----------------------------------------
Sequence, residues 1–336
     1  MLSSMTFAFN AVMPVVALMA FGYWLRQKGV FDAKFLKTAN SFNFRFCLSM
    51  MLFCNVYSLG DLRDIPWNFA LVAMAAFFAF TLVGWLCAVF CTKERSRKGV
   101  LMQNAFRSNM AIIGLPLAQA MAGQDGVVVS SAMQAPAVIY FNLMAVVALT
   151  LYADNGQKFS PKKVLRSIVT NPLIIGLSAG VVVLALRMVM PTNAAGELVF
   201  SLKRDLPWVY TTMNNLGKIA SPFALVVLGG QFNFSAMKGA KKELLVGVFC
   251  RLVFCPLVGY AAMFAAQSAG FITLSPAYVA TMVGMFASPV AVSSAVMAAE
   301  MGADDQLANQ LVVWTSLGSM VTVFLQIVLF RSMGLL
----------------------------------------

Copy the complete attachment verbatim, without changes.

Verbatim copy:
Sequence, residues 1–336
     1  MLSSMTFAFN AVMPVVALMA FGYWLRQKGV FDAKFLKTAN SFNFRFCLSM
    51  MLFCNVYSLG DLRDIPWNFA LVAMAAFFAF TLVGWLCAVF CTKERSRKGV
   101  LMQNAFRSNM AIIGLPLAQA MAGQDGVVVS SAMQAPAVIY FNLMAVVALT
   151  LYADNGQKFS PKKVLRSIVT NPLIIGLSAG VVVLALRMVM PTNAAGELVF
   201  SLKRDLPWVY TTMNNLGKIA SPFALVVLGG QFNFSAMKGA KKELLVGVFC
   251  RLVFCPLVGY AAMFAAQSAG FITLSPAYVA TMVGMFASPV AVSSAVMAAE
   301  MGADDQLANQ LVVWTSLGSM VTVFLQIVLF RSMGLL